There is a cantankerous cat called Diable in this book. Diable, who should just be crowned the king of all cats, can pick locks with his claws. Nothing new here, I know, but the cat was one of the better characters in the story. Then there’s Sunny, the first person to befriend our bland protagonist. Sunny talks like a hillbilly, but she’s also a stealthy kleptomaniac who plays the cello like nobody’s business, who’s also a genius.
“Look, I may be a country girl,” she continues, “but I can play a cello like I was born in the orchestra pit of the London Symphony. Ma says I have the mind of a progeny, and the tongue of a heck-o-billy. My uncle’s a oil tycoon. He made sure I was taught proper grammar before he’d pay for my tuition, but sometimes I slip off the wagon a smidge.”
Beyond Sunny and Diable the other characters weren’t really developed in any meaningful ways; I found that most of the developments were shallow and they were there only to advance the plot.
And it’s PRODIGY, not progeny!
All of the Ugly
It’s sad when the most important elements of your story–like plot, setting, and main protagonist–are bad. Atrocious is another word I would use to describe it.
Beastly, fiendish, and ghastly are also other words that I could, but to be either one of the three RoseBlood would have to first be good.
The Plot and the Setting:
On the front cover this book is called a retelling, but it’s actually fan fiction. I know this because I used to write fan fiction as a teenager. The idea reminded me of Love Never Dies, just with some minor changes and several psychic vampires thrown in for fun.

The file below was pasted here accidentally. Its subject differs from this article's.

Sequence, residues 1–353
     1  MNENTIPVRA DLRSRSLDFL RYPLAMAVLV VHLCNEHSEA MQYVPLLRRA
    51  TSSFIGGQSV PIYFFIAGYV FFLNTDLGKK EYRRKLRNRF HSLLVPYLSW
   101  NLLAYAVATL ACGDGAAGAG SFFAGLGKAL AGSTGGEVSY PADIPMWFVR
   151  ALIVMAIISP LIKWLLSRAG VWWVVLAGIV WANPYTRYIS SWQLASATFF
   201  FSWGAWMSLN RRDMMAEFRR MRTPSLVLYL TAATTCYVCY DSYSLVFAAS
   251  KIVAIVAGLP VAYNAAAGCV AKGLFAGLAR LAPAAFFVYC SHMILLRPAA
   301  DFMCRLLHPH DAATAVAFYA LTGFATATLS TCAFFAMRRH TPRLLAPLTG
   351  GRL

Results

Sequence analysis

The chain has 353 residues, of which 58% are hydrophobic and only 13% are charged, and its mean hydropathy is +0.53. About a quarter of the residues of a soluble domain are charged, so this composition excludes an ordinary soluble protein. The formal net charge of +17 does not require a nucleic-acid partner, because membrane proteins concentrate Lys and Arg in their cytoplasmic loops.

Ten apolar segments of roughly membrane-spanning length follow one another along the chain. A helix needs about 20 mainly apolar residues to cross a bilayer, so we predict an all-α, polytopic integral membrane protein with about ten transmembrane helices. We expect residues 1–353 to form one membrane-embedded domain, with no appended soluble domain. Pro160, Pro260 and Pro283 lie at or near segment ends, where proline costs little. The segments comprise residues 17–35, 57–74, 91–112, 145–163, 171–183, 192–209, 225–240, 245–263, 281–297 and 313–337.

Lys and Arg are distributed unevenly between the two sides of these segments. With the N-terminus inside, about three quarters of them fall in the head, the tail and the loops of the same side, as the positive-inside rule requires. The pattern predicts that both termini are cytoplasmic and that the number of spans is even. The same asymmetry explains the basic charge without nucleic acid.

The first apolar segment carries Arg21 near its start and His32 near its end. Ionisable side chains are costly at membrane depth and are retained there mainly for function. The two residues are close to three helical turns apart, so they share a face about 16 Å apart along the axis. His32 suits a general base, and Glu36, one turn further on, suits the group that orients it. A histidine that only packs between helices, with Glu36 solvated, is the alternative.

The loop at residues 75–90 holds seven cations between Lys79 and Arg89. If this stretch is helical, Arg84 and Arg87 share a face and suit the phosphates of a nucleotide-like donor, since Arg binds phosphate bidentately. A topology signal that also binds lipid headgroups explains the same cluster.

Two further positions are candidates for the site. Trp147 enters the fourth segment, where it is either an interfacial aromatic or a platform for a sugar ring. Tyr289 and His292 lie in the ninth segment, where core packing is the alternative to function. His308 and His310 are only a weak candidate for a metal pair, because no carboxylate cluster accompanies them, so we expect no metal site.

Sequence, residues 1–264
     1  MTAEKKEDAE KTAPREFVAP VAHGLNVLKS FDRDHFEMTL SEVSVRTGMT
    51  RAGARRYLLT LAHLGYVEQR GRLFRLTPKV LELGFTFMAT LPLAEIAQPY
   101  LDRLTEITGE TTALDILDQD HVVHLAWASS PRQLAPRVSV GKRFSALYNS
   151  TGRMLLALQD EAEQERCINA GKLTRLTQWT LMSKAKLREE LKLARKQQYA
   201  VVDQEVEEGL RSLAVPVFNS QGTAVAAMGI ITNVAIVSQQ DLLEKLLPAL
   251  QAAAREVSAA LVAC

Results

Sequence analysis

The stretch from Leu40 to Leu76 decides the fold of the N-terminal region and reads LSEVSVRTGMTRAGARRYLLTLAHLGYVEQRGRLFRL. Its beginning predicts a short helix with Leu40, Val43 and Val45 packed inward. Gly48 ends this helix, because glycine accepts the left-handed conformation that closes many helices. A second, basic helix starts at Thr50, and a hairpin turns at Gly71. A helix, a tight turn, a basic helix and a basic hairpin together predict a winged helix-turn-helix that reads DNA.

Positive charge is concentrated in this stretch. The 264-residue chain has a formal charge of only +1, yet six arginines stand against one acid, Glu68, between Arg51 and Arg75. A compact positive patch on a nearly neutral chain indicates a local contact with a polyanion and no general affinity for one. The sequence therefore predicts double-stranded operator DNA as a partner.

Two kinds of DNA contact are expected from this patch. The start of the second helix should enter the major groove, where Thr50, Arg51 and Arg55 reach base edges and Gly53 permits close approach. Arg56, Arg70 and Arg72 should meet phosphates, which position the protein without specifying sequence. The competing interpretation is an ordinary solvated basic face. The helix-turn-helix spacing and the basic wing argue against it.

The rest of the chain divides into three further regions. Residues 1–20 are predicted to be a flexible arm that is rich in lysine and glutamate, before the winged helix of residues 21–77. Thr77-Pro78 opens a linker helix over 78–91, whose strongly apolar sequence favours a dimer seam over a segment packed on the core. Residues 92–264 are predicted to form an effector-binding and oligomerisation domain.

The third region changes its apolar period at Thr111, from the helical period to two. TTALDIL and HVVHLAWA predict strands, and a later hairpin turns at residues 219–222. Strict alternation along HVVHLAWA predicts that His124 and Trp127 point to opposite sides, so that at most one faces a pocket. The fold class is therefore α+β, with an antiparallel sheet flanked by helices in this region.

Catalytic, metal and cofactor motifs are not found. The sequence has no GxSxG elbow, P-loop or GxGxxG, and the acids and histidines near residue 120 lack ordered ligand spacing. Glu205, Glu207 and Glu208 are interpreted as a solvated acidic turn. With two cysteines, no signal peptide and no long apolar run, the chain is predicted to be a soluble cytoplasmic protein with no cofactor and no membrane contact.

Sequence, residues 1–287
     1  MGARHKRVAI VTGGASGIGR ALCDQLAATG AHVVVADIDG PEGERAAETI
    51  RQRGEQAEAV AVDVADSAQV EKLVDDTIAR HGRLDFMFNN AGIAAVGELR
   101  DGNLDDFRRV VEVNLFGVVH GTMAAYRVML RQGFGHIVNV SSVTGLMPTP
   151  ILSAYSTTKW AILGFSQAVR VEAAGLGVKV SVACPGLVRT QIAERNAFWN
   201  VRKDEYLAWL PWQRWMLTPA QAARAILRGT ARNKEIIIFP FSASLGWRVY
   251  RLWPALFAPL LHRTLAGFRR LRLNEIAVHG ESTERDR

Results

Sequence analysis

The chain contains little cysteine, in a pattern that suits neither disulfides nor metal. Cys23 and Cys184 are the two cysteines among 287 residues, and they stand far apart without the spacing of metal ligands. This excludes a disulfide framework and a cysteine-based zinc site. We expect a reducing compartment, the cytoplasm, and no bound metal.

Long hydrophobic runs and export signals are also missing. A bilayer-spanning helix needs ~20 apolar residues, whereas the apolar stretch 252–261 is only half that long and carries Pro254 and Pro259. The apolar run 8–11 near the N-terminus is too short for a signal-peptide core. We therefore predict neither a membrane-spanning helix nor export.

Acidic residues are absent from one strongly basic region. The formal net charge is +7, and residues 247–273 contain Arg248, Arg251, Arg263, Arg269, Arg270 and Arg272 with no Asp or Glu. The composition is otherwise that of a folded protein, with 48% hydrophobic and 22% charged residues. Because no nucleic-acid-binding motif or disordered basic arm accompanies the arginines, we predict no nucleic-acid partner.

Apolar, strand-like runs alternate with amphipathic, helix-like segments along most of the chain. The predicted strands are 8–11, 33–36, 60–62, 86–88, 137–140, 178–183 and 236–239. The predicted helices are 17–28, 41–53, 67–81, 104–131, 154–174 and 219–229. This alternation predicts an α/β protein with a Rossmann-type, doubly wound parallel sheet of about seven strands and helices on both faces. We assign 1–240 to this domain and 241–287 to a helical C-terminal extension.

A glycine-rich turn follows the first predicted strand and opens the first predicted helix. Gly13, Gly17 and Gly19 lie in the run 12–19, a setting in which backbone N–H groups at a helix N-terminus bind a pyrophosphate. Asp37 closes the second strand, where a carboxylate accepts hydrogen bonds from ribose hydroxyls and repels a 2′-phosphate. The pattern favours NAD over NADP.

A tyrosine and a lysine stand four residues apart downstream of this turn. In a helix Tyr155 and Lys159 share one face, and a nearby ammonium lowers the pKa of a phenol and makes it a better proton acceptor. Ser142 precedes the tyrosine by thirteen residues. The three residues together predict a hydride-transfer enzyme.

Psychic vampires? Yes, I constructed a sentence with the words psychic and vampire in it! But you know, RoseBlood did it first!
Did you know that the Phantom also owns a rave in this book? When I reached that part I was at a laundromat so chucking the book across the room was out of the question. Decorum and such … Appearances must be maintained, etcetera. My boyfriend was with me at the time, so I was at least able to rant about this so-called rave.
Do you know what I told him? I said: “Boyfriend, they literally just did the Monster Mash.” Except, the Monster Mash is supposed to be cheesy–and, well– FUN. I read in a Goodreads review that this is the Troll 2 of YA. I agree with that assertion 200%. The story is all over the place and it takes itself way too seriously.
Hey, I was supposed to talk about that thing called a plot, wasn’t I? Well, the conflicts are contrived, as are the resolutions to said conflicts. Not much has stuck with me since I read the book in January. It really is that forgettable.
RoseBlood is essentially filler with a bit of plot thrown in.
Don’t even get me started on predictability …